Spending a significant amount of time studying a vast range of international artistic production was not only a sincere privilege but also a responsibility that I did not take lightly. After all, providing unrestricted grants to artists is a vital yet often missing element of the global arts landscape.
The submissions to the Hopper Prize provided a microcosm of the array of and energy surrounding artistic practices globally. The artists’ innovative skill sets and offered insights—embedded in both discrete and hybrid practices of painting, photography, sculpture, drawing in an expanded sense, video, performance, and installation—is incontestable.
As a contemporary arts curator, I sought to reward pioneering work that I found to be singular, be it in technique, content, or vision. The selected finalists used a diverse set of captivating techniques in their practices; some employ metonymy for portraiture, showcasing bodily elements such as enlarged torsos. Others focus on bringing highly-stylized worlds to life through their craft. Additional techniques at play in the submissions include using painting as a medium to capture and manifest humor, sculpture to capture nearly-tactile textures and forms, or photography to obscure key content elements from the viewer.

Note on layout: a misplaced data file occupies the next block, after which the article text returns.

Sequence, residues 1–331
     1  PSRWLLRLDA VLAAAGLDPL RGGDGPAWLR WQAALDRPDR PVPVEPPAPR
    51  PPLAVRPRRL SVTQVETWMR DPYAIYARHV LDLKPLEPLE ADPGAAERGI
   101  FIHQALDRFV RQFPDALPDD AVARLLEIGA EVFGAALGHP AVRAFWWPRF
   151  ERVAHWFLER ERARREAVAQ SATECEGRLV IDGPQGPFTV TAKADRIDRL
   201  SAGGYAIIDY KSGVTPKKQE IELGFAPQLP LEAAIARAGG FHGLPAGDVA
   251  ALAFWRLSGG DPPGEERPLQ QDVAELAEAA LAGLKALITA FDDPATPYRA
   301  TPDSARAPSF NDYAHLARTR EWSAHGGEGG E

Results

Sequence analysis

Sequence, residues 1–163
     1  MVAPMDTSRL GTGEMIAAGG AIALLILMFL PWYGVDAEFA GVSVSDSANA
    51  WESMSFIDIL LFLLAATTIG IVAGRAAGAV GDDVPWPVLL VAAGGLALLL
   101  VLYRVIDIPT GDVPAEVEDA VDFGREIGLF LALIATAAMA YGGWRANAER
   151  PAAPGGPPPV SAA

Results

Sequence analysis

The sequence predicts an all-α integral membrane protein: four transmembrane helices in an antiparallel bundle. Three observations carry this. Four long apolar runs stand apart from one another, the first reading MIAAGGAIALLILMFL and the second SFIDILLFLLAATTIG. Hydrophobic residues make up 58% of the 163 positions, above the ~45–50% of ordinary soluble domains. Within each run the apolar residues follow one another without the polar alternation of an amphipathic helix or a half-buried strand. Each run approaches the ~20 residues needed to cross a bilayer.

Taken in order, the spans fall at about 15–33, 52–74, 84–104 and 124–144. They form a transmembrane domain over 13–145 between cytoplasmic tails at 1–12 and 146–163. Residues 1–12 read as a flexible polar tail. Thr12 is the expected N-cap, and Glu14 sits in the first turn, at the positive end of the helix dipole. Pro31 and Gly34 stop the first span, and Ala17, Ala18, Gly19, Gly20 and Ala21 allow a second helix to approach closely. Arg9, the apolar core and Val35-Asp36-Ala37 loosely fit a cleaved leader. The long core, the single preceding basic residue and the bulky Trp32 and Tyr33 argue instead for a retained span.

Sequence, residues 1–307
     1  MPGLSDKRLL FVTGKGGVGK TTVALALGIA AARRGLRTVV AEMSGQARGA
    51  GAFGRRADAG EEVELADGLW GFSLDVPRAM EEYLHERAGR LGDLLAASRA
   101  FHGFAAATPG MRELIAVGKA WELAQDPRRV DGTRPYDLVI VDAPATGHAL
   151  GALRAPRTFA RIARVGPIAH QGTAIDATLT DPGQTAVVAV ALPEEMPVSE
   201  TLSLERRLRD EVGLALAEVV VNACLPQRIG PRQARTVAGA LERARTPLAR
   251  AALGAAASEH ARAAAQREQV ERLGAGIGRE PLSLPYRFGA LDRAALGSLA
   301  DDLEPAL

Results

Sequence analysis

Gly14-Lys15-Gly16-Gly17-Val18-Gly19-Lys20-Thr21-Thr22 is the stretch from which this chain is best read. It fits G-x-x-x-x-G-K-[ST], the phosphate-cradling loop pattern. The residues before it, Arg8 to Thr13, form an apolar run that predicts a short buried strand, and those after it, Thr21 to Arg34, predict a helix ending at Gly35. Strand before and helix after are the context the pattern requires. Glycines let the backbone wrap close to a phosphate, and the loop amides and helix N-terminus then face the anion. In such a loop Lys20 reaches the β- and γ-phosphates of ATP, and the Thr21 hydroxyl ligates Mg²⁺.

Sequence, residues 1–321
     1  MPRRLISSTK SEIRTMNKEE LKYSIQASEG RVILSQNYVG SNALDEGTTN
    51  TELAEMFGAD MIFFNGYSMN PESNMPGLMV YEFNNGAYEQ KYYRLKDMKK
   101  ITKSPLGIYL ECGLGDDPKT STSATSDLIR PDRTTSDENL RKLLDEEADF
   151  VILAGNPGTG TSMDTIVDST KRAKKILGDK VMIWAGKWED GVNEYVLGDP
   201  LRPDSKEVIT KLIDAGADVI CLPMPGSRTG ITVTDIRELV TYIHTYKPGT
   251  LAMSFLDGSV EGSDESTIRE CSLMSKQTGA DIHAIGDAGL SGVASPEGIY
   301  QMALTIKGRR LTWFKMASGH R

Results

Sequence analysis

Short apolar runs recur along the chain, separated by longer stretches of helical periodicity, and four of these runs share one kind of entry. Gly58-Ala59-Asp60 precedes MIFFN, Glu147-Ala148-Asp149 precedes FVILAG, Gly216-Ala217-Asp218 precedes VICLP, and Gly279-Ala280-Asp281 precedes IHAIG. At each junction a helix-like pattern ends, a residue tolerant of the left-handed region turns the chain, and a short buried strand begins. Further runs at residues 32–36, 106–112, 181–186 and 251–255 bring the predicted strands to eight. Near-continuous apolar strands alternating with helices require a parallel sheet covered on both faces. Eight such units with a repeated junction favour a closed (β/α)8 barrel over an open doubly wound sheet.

The works also speak to larger thematics at play in our contemporary moment; they tease out issues of identity and personhood, explore community and belonging, question ideas around nationhood, depict the fragility and joy of youth, celebrate the enduring yet fleeting natural world, and investigate structural society inequities. The artists also demonstrates that their chosen medium is not rigid, but rather through formal and content choices, they demonstrate that the field needs to be further provoked, interrogated, and reimagined.
Patricia Restrepo is a curator, writer, and researcher based in Houston, Texas. She is the Assistant Curator and Exhibitions Manager at the Contemporary Arts Museum Houston (CAMH), where she has worked for four years. At CAMH she has recently curated Stage Environment: You Didn’t Have to Be There, an exhibition that revisits and reinvigorates CAMH’s seventy-year performance focus, and Dissent and Desire, the institution's 2018 FotoFest Biennial presentation showcasing the daring photographic work of Sunil Gupta and Charan Singh documenting LGBTQ+ lives in Delhi, India. She manages and contributes to the institution’s publication production and has orchestrated the digitization of all of CAMH's catalogues to increase accessibility to the museum’s prolific and significant scholarship. Restrepo has curated exhibitions and performance programming at Alabama Song, Hardy and Nance Studios, Houston Center for Photography, and Northset Residency. Fostering exhibitions as laboratories, her curatorial interests include the generative potential latent in archives, museology, and performative work.